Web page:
I wasn’t one of the handful inside the Capitol, but was one of the ticketed folks on the West Lawn of the Capitol. We waited (the gates opened at five am – though I was not there nearly so early) for him to arrive and watched his speech on the jumbotrons (bless you, Pope Francis for spending so much time on the need to abolish the death penalty!).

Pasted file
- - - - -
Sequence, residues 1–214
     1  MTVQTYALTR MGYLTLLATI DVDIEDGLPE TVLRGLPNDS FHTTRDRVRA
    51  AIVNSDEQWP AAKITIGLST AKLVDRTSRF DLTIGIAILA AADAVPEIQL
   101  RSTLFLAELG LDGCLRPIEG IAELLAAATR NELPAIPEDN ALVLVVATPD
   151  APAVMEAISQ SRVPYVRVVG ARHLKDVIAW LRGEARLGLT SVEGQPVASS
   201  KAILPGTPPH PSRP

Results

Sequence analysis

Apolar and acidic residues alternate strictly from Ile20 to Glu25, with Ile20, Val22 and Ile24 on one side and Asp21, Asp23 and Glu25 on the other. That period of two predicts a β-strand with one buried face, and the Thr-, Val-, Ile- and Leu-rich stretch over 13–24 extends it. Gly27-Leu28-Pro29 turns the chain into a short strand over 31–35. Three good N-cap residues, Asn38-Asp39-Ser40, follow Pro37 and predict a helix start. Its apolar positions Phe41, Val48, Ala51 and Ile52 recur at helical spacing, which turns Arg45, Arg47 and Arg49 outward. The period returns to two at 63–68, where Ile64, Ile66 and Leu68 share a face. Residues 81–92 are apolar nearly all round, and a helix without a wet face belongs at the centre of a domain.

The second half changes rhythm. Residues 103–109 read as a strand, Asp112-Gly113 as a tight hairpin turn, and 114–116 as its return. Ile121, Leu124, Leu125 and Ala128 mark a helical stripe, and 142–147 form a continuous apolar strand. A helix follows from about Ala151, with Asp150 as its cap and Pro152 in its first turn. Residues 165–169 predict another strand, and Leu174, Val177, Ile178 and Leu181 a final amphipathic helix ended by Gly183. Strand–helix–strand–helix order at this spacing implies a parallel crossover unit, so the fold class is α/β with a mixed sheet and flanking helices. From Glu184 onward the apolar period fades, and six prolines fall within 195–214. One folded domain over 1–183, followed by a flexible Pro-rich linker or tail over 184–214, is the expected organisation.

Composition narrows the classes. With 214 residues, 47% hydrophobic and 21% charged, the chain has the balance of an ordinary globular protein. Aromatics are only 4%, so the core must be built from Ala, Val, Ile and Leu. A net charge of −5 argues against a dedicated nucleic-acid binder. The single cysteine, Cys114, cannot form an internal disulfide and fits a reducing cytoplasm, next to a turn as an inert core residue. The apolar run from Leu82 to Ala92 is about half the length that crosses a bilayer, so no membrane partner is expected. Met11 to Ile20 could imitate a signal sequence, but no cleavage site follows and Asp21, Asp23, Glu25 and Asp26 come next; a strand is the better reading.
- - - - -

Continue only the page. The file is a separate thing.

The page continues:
When he came out, he was a vaguely anthropoid shape, dressed in white on a distant balcony. The experience was not physical closeness, nor even the presence of the Pontiff, which could have just as easily been experienced with far more clarity on a television (and perhaps more enthusiasm; it wasn’t the most rabid crowd I’d ever been in). Rather it was knowing that this was an important moment and you were there. Like the days when we have gone to the White House, such as when Osama Bin Laden was killed or Obama re-elected, when we went not to change history, because history was already changed, but to be there, at a symbolically important location, at a symbolically important time when something important (and good) was happening. Such things are important, personally.